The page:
Algae- A Food and Fuel

Rohan Purohit | SQ Online

Standing knee-deep in the water, you gaze at the skyline as your mind is calmed by the sound of crashing waves. The year is 2050 and you try your best to ignore the thick scent of smog that rests in the air, and instead reminisce on your time as a child, before rising water levels submerged the sand you played on. Suddenly, something slippery hooks onto your ankle, and that feeling of tranquility is suddenly replaced with disgust as you rush to remove the large piece of seaweed. Many of us fail to acknowledge that the piece of seaweed belongs to a species that can solve two of our world’s most pressing issues.   

Through current media, we are constantly reminded of the threat food insecurity places upon the future of our planet. According to Natural Geographic, the Earth needs to feed two billion more people by 2050. What this really means is that if current trends in human diets remain unchanged, the world would have to grow double the current amount of crops, not only to feed the larger population but also the livestock that will need to be bred for human consumption. These numbers are concerning for a world already suffering from damages of raising livestock. Current estimates highlight that raising livestock uses up to 70% of our agricultural land and contributes to about 15% of the world’s global greenhouse gas emissions

Another increasingly prevalent issue is the increased energy use experienced in recent years. Studies have shown that worldwide GDPs are increasing, which means that the average individual will be able to afford gas vehicles, increasing the usage of petroleum, a nonrenewable resource. Increased energy consumption requires the combustion of fossil fuels such as diesel and petroleum. Currently fossil fuel combustion accounts for 73% of green house gas emissions. With the two aforementioned problems expected to worsen in coming years, scientists are looking towards an unlikely source, algae, to save the world. 


Algae in Our Food

Algae is already implemented in a significant portion of many human diets. It exists in a number of dairy products to help with fermentation. The ingredient is implemented in cereal based products like pasta, often to increase the fiber content of the dishes. However, research suggests that algae can be much more than a supplemental ingredient.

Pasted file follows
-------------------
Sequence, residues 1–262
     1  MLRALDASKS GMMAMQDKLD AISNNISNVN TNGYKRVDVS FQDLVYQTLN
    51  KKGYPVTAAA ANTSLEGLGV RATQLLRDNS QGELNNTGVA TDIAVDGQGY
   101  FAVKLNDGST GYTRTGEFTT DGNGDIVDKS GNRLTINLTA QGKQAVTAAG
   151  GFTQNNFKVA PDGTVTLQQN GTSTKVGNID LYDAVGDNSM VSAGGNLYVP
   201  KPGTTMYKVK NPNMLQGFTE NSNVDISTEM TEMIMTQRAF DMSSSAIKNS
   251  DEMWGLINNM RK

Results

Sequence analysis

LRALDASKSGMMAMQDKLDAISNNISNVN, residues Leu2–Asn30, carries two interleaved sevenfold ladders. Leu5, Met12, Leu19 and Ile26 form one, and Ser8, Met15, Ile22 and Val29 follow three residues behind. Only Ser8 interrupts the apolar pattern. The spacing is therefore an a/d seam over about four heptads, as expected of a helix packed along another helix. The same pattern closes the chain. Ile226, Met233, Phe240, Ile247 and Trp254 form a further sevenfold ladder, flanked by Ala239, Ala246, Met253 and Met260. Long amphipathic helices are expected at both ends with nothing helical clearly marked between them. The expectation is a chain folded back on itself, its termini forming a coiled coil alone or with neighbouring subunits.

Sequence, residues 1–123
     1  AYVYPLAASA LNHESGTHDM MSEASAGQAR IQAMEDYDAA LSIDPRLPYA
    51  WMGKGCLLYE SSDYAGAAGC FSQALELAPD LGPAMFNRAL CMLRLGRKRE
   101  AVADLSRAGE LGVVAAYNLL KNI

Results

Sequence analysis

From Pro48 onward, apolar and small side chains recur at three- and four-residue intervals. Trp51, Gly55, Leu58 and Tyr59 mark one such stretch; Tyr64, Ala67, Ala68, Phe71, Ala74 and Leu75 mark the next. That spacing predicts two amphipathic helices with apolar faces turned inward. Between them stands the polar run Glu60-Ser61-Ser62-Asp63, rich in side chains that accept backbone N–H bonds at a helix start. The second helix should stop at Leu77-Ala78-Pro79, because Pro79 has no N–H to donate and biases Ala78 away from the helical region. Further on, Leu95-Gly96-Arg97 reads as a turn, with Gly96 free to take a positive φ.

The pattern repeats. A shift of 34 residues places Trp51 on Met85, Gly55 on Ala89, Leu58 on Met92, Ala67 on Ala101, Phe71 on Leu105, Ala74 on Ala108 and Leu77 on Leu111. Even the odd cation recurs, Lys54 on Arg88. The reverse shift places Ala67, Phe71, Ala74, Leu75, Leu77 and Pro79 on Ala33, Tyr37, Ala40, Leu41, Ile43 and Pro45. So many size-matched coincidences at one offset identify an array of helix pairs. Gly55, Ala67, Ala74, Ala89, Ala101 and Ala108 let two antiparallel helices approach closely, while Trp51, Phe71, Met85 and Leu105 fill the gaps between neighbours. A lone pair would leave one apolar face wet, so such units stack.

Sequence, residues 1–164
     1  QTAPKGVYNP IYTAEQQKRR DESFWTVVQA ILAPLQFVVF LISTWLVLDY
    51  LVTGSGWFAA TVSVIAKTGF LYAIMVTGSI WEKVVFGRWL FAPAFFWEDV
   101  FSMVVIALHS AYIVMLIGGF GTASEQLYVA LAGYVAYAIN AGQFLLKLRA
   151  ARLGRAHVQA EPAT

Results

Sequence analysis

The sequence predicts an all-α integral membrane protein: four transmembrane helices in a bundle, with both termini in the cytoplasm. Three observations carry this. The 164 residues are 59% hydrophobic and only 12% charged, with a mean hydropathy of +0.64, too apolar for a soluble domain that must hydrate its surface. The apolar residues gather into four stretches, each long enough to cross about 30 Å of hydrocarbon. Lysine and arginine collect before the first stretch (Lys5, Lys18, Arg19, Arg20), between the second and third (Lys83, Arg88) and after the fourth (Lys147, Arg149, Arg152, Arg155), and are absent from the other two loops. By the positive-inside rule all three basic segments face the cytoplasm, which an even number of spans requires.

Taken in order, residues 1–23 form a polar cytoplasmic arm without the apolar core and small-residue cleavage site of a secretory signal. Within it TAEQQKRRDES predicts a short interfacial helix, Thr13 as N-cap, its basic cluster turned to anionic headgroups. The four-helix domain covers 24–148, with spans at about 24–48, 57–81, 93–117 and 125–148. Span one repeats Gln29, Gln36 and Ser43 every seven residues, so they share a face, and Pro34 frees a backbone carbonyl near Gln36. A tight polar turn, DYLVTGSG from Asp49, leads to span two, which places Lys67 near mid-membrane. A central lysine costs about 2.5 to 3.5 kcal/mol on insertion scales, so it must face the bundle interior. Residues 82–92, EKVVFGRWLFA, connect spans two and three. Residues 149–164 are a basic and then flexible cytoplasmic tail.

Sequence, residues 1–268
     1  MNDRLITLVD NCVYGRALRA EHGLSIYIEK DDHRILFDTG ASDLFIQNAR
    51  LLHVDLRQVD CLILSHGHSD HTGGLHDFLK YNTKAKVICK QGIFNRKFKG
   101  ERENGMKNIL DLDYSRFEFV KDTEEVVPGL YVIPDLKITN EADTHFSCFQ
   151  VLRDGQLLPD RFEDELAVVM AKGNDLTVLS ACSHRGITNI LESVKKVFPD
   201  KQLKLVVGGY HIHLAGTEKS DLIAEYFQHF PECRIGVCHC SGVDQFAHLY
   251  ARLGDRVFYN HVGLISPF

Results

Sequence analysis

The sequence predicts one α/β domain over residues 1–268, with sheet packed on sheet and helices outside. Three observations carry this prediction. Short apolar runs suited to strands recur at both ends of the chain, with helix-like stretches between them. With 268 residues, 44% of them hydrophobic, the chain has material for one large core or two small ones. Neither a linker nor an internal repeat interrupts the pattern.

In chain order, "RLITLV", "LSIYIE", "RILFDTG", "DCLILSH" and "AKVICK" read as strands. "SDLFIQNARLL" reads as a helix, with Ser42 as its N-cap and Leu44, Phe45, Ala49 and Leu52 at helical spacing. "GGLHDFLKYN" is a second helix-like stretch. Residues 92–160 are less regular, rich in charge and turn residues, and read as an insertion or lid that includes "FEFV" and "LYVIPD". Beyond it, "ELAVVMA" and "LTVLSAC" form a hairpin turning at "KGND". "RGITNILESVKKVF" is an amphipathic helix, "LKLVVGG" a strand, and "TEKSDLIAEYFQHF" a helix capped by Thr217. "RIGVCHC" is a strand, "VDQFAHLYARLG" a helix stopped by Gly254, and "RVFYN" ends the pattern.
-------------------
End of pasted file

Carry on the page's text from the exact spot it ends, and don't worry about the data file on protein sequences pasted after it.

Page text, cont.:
Firstly, it is important to distinguish between macroalgae and microalgae. Macroalgae are those visible to the human eye whereas microalgae are those that are too small to see without the help of a microscope. Despite its small size, microalgae is the more exciting of the two when comparing their value to human diets. Since algae do not have stems, roots, or branches, they can focus on producing proteins and fatty acids instead of cellulose. 

Algae’s most impressive nutritional impact is its high protein content , which is most notably used to build and repair muscles. It contains all nine essential amino acids, those that cannot be produced within our own bodies and must be obtained through food, at similar or higher levels than crops such as soybeans and wheat. Through the five strains of amino acids tested, aspartic and glutamic acid had the highest rates of amino acid content. Aspartic acid assists both in energy production and in chemical signaling to the nervous system. Glutamine is the only amino acid that offers assistance in both muscle formation and cellular support. Through all five algae strains, the amino acid content of the nine essential acids were comparable to the rates of these acids found in soy protein. 

Additionally, many forms of microalgae offer high concentration of lipids, important for signaling and cell membrane structure. This comes primarily through omega-3 fatty acids, an essential fatty acid that humans must receive from food. These fats are essential to the function of cell membrane receptors throughout the body and are involved in producing hormones that regulate blood clotting and inflammation.

There are two studies which truly highlight the importance of omega-3 fatty acids. The GISSI prevention trial, conducted in the late 1990s, focused on the effect of omega-3 fats among heart attack survivors. The group that consumed a gram capsule of omega-3 fats every day for 3 years had a reduced rate of repeat heart conditions compared to those who were given a placebo. Similarly, in the Japan EPA Lipid Intervention Study, participants who took statin (a common drug used to reduce cholesterol) along with EPA (a type of Omega-3 fatty acid) had a smaller chance of having a serious heart condition, such as a heart attack, than those who only took the statin. Additionally, omega-3 fatty acids can prevent heart conditions and stroke while also mitigating the effects of other conditions, such as lupus and eczema. Through the increased intake of protein and particular lipids such as omega-3, it is clear that algae offers much to the betterment of human health.